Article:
Thursday, May 20, 2010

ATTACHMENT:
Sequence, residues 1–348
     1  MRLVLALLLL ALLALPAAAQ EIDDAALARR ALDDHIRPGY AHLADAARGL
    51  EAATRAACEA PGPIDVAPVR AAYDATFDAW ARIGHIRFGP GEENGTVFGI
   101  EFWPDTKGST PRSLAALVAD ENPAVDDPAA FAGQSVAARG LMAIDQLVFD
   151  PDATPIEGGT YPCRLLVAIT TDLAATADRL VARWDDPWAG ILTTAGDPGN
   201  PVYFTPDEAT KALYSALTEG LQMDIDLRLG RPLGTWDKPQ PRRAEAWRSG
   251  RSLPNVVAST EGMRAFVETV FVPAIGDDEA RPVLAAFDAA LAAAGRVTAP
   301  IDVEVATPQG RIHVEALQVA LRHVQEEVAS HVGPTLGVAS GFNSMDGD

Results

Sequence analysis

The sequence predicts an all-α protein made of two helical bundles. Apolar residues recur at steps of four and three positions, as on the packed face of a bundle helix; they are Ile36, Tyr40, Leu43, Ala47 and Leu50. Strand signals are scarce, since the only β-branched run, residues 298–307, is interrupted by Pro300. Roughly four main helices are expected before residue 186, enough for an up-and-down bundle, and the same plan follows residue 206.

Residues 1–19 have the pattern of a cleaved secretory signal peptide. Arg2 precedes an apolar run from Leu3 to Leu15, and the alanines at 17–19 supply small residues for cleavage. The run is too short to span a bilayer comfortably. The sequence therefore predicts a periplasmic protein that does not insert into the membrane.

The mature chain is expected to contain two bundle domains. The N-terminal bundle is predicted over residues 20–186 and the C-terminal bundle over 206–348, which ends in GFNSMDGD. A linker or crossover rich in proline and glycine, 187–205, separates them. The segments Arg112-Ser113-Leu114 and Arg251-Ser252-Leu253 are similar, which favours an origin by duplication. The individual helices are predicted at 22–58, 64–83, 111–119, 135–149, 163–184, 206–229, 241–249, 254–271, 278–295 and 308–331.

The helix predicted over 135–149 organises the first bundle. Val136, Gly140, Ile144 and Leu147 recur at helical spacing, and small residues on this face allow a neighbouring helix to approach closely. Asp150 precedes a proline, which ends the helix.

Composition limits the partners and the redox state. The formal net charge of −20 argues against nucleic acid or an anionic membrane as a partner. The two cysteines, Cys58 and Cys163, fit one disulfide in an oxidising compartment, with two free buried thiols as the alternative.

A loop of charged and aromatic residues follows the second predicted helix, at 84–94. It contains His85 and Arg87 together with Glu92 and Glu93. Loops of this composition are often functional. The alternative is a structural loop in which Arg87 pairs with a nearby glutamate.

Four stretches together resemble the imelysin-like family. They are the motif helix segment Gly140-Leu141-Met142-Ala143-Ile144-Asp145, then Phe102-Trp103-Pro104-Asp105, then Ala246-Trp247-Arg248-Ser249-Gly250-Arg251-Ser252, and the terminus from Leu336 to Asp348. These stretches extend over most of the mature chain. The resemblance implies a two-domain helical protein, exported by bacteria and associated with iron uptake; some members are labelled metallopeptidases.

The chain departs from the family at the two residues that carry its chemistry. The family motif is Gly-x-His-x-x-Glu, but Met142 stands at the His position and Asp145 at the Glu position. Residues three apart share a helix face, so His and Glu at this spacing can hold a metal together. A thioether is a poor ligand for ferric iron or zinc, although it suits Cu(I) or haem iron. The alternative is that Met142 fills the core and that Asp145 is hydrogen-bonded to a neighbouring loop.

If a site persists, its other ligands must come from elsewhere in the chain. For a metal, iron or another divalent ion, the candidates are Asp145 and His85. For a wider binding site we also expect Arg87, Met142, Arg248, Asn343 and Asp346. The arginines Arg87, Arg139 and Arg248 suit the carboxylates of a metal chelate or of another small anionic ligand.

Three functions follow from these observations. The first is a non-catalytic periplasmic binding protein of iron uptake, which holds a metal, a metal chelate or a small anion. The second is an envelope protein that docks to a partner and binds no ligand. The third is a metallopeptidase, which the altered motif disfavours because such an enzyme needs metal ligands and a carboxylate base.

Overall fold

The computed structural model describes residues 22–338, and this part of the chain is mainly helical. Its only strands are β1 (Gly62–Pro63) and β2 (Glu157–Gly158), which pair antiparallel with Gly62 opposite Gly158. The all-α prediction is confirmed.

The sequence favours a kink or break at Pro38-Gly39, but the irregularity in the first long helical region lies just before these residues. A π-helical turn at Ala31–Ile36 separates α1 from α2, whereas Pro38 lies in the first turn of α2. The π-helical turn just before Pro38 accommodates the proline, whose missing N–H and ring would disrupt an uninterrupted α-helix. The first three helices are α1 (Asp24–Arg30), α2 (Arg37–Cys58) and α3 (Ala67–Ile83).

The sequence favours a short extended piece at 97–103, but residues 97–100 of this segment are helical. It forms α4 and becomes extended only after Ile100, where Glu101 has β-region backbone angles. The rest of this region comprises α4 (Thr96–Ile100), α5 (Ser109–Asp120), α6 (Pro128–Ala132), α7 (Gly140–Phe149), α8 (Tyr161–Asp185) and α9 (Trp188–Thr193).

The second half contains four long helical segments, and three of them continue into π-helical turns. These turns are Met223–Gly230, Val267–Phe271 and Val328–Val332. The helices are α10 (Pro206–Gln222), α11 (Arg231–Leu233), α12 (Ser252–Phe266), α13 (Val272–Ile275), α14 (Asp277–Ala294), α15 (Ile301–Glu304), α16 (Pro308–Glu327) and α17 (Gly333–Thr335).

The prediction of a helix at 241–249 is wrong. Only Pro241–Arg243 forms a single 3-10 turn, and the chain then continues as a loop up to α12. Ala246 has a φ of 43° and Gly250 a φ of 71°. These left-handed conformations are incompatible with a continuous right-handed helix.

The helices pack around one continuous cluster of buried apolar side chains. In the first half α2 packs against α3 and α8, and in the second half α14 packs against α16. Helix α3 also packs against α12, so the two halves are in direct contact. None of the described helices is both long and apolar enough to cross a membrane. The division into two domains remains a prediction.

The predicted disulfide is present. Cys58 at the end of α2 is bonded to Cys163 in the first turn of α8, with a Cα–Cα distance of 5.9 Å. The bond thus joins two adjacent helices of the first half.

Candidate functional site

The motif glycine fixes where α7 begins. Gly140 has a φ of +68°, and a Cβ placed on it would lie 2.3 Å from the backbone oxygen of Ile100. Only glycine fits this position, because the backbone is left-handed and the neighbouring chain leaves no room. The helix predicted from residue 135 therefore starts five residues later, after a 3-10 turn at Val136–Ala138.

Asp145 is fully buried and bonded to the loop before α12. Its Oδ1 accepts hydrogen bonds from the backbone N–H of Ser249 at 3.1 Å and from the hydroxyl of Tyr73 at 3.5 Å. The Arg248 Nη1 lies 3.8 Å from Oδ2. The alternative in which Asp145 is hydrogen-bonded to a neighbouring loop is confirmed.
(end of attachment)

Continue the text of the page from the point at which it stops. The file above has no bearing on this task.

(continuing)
U.S. v. Gallaher, No. 09-30193 (5-19-10) (Fisher with Berzon; dissent by Tashima). Is a capital crime a capital crime for statute of limitations purposes if the defendant cannot jurisdictionally get the death penalty? "Yes," holds the majority, in an Indian Major Crimes Act prosecution under 18 U.S.C. 1153. The defendant chocked the victim in 1991 after the victim had earlier urinated in the defendant's shared house. The defendant was indicted on first degree murder 14 years later, in 2005. The statute of limitations under 18 U.S.C. 3282 is five years unless otherwise explicitly stated otherwise. Under 3281, there is no statute of limitations if the offense is punishable by death. Congress enacted the federal death penalty in 1994, and delegated to Indian tribes an "opt in" provision for those eligible offenses occurring under the Major Crimes Act. The tribe in question here -- the Confederated Tribes of the Colville Reservation -- has not opted in (only one tribe has, the Sac and Fox). The defendant plead to involuntary manslaughter, but conditionally appealed the statute of limitations issue. The 9th reasoned that "capital offense" denotes the seriousness of the offense, and just because capital punishment cannot be imposed, it does not mean that the offense cannot be categorized as capital. This was the precedent for bail determinationsin so catagorized capital offenses after Furman imposed a moratorium on capital offenses. Moreover, the plain text of 18 U.S.C. 1111 states that first degree murder may be punishable by death, and so the offense should be so categorized, even if there is a jurisdictional bar. Policy matters also weigh in finding no statute of limitations, because the tribes should not be forced to decide between opting in to get the no limitations period and the death penalty, to which they are opposed. States do not have limitations periods for first degree murder, and so to put the tribes on equal footing with the states, and to harmonize criminal justice among the jurisdictions, there should be limitations period. The bottom line: although there is a jurisdictional bar to the death penalty under the Major Crimes Act here, first degree murder is still punishable by the death penalty, and so there is no limitations period. Tashima, dissenting, argues that since the possibility of the death penalty is not available jurisdictionally, the offense is not punishable by death, and hence there should be a five year statute of limitations. This is a part of the delegation responsibility.


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